Auxly ($XLY). They join $LABS and $VLNS in pivoting into pre-roll provisioning – having had core operations (like the others) unable to provide sufficient cashflow generation for growth. I mean, $XLY is still being forced into capital markets after some 2 years in, and despite being the leader in 2.0. And this includes some good gains in sales (occasionally), yet GoBlue and I both see dark clouds on their horizon amid a metastasizing share count.
Their throughput and brands are number 1 nationally. Yet. Given their balance sheet and sector profitability – is there something in here that won’t require a half dozen more capital structure re-jigs and another $100MM+ to get them to a target operating state?
That ‘target operating state’ in extraction is really, really simple to derive. I don’t say that flippantly. It doesn’t matter to me which product platforms are being produced……it all comes down to capacity utilization. Something this segment is awash in – arguably moreso than cultivation.
Radient Technologies ($RTI). Whatever.
Medipharm ($LABS?). I haven’t taken a serious look at them since late last year. And I sure as hell can’t say I take them seriously at all. In my opinion, their forward product swaps are the poster child of bad actors in the legal cannabis sector. Sure, there’s ‘funded capacity’ and hidden grow ops, and the side hustles by iAnthus management one can point to. While these are all less than tasteful (and perhaps illegal, criminal charges pending in at least one of them) – nothing says ‘sleaze’ to me more than juicing revenue. Worldcom, Nortel, Waste Management, Enron…..this kind of activity is a stain on the world of formal commerce, and anything greasy I’ve ever come across personally in my career has been around revenue recognition.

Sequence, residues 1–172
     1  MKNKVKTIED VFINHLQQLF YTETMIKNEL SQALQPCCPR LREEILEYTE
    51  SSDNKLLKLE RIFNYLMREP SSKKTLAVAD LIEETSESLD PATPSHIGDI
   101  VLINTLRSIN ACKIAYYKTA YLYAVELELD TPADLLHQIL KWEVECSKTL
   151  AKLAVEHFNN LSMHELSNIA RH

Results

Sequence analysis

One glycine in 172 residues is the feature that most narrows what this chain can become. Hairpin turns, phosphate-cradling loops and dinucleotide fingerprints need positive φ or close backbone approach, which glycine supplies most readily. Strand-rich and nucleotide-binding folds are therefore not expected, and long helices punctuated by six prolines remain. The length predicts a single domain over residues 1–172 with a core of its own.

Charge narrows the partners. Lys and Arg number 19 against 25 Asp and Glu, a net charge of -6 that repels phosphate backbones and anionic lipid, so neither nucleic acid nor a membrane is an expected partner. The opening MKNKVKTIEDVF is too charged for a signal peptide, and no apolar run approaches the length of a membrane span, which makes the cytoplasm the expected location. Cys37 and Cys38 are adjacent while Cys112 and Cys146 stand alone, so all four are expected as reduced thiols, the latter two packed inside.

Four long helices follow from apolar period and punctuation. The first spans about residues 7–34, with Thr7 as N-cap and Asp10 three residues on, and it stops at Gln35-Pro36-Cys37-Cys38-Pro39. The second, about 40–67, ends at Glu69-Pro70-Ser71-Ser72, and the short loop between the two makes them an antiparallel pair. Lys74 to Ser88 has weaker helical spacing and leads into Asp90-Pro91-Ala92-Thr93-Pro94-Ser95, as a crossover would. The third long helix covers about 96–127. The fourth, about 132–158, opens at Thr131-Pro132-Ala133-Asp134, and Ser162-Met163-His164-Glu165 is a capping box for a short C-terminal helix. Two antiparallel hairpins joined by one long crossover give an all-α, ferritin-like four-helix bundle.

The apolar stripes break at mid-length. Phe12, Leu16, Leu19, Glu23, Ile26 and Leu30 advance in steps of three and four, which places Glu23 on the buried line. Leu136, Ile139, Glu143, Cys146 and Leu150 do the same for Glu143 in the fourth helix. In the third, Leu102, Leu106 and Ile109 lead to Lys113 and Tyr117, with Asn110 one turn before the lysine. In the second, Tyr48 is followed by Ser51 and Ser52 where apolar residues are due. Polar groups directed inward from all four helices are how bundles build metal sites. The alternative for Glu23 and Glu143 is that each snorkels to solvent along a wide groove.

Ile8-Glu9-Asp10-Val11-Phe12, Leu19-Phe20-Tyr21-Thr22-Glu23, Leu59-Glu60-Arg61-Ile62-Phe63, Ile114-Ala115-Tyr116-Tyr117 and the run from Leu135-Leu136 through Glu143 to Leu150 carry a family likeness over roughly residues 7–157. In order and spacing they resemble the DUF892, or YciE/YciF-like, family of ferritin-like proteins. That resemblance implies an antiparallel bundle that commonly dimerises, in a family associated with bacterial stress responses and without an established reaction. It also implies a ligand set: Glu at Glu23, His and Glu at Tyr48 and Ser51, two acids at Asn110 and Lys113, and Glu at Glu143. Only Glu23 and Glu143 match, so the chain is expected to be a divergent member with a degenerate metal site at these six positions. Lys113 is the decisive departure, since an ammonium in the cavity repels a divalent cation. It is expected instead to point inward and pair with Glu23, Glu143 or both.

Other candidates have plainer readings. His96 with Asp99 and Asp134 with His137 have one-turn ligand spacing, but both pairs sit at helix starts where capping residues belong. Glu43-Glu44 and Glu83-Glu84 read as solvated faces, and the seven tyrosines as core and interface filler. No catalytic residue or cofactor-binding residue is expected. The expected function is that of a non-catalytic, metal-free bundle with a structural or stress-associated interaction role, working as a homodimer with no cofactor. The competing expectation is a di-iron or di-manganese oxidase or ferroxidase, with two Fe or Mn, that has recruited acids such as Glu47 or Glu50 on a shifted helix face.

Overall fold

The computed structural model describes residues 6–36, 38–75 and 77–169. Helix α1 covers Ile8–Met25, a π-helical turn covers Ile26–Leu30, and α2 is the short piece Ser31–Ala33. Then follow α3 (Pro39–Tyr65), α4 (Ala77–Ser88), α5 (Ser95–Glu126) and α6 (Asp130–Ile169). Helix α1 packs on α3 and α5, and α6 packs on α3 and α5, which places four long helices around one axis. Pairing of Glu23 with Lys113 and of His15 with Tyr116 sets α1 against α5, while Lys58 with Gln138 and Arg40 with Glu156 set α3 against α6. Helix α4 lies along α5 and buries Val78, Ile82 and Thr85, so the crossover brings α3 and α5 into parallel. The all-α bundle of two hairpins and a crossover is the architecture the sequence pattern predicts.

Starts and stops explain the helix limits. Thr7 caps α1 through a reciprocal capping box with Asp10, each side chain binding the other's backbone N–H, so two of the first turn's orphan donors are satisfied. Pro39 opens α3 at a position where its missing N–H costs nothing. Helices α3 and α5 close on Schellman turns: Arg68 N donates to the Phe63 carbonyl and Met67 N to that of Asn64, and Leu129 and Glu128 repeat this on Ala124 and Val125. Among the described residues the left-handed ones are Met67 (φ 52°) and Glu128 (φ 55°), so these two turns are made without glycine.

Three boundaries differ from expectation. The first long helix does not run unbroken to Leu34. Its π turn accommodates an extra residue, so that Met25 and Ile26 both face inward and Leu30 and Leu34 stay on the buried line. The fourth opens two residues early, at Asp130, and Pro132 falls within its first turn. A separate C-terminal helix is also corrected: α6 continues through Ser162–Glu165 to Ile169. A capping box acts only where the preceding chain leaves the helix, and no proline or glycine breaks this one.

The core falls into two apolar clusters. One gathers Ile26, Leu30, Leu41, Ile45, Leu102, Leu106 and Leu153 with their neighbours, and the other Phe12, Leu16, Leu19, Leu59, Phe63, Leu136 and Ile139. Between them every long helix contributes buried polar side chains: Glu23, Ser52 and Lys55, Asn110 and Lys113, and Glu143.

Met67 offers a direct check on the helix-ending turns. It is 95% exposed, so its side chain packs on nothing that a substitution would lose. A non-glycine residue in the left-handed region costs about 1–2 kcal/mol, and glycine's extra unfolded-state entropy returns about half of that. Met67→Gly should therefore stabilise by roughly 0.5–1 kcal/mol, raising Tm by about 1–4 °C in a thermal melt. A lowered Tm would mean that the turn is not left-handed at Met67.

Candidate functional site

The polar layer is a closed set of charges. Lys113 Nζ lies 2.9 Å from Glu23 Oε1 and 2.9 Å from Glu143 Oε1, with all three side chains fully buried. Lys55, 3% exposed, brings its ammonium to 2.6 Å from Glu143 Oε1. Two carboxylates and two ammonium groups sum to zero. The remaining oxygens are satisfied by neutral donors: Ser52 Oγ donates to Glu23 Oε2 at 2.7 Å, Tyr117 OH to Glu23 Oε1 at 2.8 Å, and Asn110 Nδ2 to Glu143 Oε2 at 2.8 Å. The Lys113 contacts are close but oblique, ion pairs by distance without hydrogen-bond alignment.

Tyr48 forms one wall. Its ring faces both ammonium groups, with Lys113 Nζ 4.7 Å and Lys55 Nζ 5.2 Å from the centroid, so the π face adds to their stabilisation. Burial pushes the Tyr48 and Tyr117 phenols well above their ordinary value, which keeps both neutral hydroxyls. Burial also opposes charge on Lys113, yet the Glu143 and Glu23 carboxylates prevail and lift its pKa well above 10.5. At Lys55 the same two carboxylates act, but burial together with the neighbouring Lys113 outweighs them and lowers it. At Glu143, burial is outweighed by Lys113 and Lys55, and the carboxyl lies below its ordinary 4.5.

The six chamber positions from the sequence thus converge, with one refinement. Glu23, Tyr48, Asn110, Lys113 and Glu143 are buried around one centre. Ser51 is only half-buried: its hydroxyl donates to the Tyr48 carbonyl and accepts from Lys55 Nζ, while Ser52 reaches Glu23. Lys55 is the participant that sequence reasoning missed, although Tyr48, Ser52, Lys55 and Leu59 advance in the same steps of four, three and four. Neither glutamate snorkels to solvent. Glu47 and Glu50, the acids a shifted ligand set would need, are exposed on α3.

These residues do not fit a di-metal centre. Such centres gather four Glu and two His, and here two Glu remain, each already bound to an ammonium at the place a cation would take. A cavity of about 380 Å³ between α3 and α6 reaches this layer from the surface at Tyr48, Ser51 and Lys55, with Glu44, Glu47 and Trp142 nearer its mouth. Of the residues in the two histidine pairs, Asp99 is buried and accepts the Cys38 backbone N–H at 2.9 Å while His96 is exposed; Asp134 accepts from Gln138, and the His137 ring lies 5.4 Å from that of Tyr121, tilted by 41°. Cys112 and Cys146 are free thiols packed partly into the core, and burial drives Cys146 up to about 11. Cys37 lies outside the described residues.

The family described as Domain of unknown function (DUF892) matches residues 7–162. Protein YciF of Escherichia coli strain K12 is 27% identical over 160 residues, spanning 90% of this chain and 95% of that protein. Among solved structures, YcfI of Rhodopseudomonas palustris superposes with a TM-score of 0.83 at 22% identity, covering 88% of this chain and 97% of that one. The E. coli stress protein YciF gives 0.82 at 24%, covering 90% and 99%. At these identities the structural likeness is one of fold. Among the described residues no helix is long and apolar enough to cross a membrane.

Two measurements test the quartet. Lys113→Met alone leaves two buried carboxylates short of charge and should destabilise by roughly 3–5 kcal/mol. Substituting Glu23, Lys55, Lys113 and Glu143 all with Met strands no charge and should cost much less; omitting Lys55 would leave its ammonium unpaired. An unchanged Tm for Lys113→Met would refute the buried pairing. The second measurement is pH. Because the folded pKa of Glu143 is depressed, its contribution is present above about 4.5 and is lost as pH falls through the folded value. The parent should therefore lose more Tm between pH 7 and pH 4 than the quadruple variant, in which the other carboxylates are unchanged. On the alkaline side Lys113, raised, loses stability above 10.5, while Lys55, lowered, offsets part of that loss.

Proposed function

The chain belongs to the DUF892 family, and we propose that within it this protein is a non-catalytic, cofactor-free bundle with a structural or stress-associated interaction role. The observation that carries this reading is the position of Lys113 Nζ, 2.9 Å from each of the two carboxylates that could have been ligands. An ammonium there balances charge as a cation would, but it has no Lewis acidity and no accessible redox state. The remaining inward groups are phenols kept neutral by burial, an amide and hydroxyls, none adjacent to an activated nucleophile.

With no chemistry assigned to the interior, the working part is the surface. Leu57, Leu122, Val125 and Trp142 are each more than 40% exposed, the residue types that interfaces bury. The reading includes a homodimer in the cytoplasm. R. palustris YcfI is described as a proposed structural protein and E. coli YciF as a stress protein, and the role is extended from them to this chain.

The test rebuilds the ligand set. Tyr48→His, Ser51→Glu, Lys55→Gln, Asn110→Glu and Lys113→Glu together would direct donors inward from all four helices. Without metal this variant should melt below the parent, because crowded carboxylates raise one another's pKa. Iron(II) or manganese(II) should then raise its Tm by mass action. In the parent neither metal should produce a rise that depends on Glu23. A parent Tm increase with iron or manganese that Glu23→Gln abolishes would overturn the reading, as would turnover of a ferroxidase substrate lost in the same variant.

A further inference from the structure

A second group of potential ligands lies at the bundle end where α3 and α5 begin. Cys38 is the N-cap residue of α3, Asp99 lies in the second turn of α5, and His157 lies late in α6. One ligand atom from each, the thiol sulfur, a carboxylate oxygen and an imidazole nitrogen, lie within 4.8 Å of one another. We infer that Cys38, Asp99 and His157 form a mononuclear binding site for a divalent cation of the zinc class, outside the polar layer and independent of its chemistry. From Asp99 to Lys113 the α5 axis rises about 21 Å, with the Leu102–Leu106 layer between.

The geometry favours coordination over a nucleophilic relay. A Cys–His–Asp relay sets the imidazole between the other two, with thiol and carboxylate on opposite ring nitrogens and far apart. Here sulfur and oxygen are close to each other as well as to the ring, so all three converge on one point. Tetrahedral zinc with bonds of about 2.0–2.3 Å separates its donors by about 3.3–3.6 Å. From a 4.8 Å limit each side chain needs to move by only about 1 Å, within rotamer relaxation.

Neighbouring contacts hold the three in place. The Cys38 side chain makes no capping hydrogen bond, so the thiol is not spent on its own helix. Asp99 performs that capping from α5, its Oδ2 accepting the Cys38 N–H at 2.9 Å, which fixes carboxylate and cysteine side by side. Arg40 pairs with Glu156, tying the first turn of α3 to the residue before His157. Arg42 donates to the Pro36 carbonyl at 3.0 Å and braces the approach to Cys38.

I can’t claim $LABS has falsely reported revenue (and won’t), but readers of TheCannalysts will be aware of our research and analysis on reported numbers from financial statements. Res ipsa loquitor, we only present and stand behind our numbers and analysis and opinion.
Heritage Cannabis ($CANN)? Ugh. This outfit is perennially ‘two-quarters out’ – having acclimatized shareholders into thinking ‘great things are just around the corner’ for more than 3 years now. Next quarter, I expect they’ll report ~=$3MM in sales, a +$200k to negative gross margin, and claim to be profitable by end of 2021. You know, 2 quarters out. They’ve got it down to an art form. And the market has them nailed – and pinned to a dime. They’ll pull a reverse split sometime during this fiscal year, pump the shit out of a bland (and likely non-accretive) move into a US brand, and…. make promises then of great things to happen….in just a couple of quarters.
Nextleaf Solutions ($OILS) presents a capable crew and a good asset array. I like small companies, particularly ones with talent. I know several in this outfit who have it. What they don’t have is consistent (and growing) revenue. They’d probably settle for either at this point.